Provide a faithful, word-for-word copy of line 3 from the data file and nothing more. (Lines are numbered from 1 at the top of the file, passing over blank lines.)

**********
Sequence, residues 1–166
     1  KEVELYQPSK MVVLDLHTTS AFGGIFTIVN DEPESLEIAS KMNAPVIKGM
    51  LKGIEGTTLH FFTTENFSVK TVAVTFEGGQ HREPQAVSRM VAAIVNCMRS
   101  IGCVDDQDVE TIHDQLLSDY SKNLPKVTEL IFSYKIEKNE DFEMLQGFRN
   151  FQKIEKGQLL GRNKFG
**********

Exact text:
    51  LKGIEGTTLH FFTTENFSVK TVAVTFEGGQ HREPQAVSRM VAAIVNCMRS